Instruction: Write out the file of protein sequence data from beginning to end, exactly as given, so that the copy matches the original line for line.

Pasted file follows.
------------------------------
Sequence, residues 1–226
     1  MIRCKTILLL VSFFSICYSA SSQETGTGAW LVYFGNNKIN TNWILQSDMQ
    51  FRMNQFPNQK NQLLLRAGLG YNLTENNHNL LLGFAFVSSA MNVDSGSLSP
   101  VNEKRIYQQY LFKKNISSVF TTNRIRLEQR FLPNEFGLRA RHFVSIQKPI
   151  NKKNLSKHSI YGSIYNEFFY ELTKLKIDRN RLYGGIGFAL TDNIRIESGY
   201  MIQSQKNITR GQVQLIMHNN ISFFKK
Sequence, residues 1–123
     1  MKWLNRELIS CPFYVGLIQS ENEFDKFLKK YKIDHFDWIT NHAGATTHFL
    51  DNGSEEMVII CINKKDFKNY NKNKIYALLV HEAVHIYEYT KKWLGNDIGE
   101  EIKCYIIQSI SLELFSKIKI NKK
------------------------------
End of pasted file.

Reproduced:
Sequence, residues 1–226
     1  MIRCKTILLL VSFFSICYSA SSQETGTGAW LVYFGNNKIN TNWILQSDMQ
    51  FRMNQFPNQK NQLLLRAGLG YNLTENNHNL LLGFAFVSSA MNVDSGSLSP
   101  VNEKRIYQQY LFKKNISSVF TTNRIRLEQR FLPNEFGLRA RHFVSIQKPI
   151  NKKNLSKHSI YGSIYNEFFY ELTKLKIDRN RLYGGIGFAL TDNIRIESGY
   201  MIQSQKNITR GQVQLIMHNN ISFFKK
Sequence, residues 1–123
     1  MKWLNRELIS CPFYVGLIQS ENEFDKFLKK YKIDHFDWIT NHAGATTHFL
    51  DNGSEEMVII CINKKDFKNY NKNKIYALLV HEAVHIYEYT KKWLGNDIGE
   101  EIKCYIIQSI SLELFSKIKI NKK